Fish Print

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Yesterday a reader responded to the post “Inappropriate” (http://www.rubbertrampartist.com/2015/04/18/inappropriate/). Here’s what the reader wrote:

I know this is about the romper, but I think the fish print thing is inappropriate. Where did they get these dead fish? Were they goldfish or were they trout? I doubt anyone was going to be eating these fish once they had paint all over them. Were they killed specifically for this project? If so, how? How many dead fish were there? Were they rinsing the fish off so the next person could change the paint color, or were all the fish prints using the same color paint? Was there and adult monitoring the hand washing of children after they’d touched dead fish?

I decided to give my response as a post instead of just adding a comment that might be missed by some readers. My response follows.

I will try to answer your questions about the fish prints and the fish involved. I don’t know the answers to all of your questions.

I don’t know where they got the dead fish. I assume they got the fish from the seafood section of a supermarket. I suppose the fish could have been donated by the person who caught them.

The fish were not goldfish. I don’t know if they were trout. (Are trout the flat ones?) To me, the fish looked like fish one would buy from the seafood department of a large supermarket, then take home to cook and eat. They were rather long (eight inches?) and kind of thin (two or three inches?)

I would not have wanted to eat the fish after the art project was over. Even if the paint were nontoxic and could have been totally washed off of the fish, by the time it was all over, I think the fish would have been off the ice for quite a while. I’d be afraid the fish had gone bad. The fish were being kept on ice between prints, and an adult was squeezing lemon over the fish and ice to help alleviate the rather fishy aroma in the room, but I don’t think eating them at the end of the day would have been a good idea.

Also, the fish would have been touched by a lot of people by the end of the day. Even if the fish weren’t spoiled, I don’t know if the people touching the fish had clean hands, so I don’t think I’d want to eat fish handled with possibly dirty hands. I don’t know if cooking fish eliminates dirty hand germs.

I did not see anyone washing hands before or after handling the fish. I did not notice an adult supervising hand washing. Of course, there could have been hand washing that I didn’t notice. I’m not saying that hands were not washed after fish touching, only that I did not notice hand washing.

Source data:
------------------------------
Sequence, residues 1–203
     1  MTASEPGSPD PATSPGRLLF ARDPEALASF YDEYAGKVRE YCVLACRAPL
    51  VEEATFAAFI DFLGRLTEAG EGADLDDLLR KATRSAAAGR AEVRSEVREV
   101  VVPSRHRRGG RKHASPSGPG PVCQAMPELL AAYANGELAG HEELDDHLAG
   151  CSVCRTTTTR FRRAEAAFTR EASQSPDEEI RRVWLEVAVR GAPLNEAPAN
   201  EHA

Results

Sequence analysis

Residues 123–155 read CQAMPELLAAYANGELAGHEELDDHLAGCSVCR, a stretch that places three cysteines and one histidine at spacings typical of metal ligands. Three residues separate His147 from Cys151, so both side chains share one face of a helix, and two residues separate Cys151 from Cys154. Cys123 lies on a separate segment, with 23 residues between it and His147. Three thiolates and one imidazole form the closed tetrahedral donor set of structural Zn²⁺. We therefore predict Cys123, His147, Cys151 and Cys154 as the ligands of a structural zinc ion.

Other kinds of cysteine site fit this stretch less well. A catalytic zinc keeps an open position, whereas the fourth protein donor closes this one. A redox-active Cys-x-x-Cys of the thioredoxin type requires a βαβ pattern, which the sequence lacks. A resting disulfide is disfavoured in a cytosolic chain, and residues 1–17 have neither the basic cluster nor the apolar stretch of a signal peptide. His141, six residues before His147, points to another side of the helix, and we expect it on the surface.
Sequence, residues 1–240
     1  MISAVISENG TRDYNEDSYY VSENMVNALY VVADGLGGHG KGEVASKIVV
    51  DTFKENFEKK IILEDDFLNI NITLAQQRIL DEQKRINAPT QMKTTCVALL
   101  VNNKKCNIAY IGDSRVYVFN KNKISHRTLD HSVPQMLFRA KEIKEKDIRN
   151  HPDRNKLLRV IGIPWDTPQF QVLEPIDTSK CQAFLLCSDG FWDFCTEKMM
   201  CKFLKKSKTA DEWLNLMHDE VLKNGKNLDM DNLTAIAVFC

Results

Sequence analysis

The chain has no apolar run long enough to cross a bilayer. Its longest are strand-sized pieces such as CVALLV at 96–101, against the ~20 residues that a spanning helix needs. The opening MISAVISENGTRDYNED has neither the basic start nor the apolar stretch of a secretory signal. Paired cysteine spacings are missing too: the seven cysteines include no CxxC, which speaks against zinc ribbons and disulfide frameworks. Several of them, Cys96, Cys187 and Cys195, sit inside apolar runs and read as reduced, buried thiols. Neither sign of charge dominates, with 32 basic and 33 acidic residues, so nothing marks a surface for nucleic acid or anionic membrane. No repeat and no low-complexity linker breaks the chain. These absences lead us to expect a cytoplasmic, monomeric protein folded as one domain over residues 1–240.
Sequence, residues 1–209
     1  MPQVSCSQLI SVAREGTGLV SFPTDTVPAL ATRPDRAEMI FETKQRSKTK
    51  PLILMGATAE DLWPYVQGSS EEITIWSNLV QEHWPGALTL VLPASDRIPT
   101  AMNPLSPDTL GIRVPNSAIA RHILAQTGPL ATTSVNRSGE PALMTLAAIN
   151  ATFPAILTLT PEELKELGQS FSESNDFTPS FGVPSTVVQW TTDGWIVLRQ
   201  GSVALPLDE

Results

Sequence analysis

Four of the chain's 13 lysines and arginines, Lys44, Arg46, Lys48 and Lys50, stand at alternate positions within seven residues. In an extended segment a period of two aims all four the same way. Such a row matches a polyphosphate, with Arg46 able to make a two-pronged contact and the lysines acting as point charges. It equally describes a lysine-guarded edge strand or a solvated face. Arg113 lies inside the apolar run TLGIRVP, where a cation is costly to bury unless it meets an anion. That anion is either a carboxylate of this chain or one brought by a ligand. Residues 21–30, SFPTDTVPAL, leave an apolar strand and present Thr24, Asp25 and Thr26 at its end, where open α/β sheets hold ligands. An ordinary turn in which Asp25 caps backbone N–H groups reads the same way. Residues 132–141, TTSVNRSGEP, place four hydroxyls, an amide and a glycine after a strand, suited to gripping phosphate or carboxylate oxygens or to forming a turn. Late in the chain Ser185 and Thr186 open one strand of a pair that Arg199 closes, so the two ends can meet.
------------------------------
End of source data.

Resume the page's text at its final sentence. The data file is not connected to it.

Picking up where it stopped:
I do not know if the fish were killed specifically for this art project. I assume they were killed for eating, but that is speculation.

I also cannot say how the fish were killed. I do not have that answer. Their heads were intact, so I don’t think they were bashed in the head, as some fisherpeople do. (I had a fisher friend who just let the fish she’d caught grow dormant in ice, then “cleaned” them while they were still alive.) I do not know how fish intended for consumption and sold at fish markets are killed.

I am trying to remember how many dead fish there were. I didn’t count them. I would estimate there were six to eight dead fish available for making fish prints.

I think the fish were being rinsed off between prints, but now I am unsure. I also think there were two or three paint colors to choose from, but I’m unsure about that too. Because the fish were going back into a tub of ice between prints, I think they were being rinsed between prints. I don’t remember the ice being mucky or colorful from paint being mixed in, which leads me to think the fish were rinsed between prints.

The theme of the other projects going on in the art room seemed to be of an Asian influence, possibly of a Japanese influence.

I did a Google search for “fish prints,” and found that this is indeed a Japanese technique, and it has a name. According to http://en.wikipedia.org/wiki/Gyotaku, it is called “gyotaku”. The word is “Japanese 魚拓, from gyo ‘fish’ + taku ‘rubbing’.” This “is the traditional method of Japanese fish printing, dating from the mid-1800s. This form of nature printing may have been used by fishermen to record their catches, but has also become an artform on its own.”

I found a YouTube video of Bill Howard, a bald man with a Southern accent,  demonstrating the creation of a fish print. He says “it’s an inexpensive and beautiful way to memorialize a special fish or a special fishing trip.” He also says, “it’s great for the youth.”

I hope this answers all the reader’s questions. I’ll be happy to try to provide additional answers to additional questions.

About Blaize Sun

I live in my van, which makes me a rubber tramp. I like to see places I've never seen before, and I like to visit the places I love again and again. I like to play with color. I make collages and hemp jewelry and cheerful winter hats. I take photographs and (sometimes, not in a long time) write poetry. All of those things make me an artist. Although I like to spread joy and to make people laugh, my wit can be sharp. I try to stay positives in all situations, to find the goodness in all people. But I often feel compelled to point out bullshit when I smell it. I like to have fun, to dance, to eat yummy food, to sit by a fire and share stories. I want to know what people hold dear and important, not just make surface small talk. This blog is a way for me to share stories. This blog is made up of my stories, rants, and observations, as well as my photographs.

I'd love to know what you think. Please leave a reply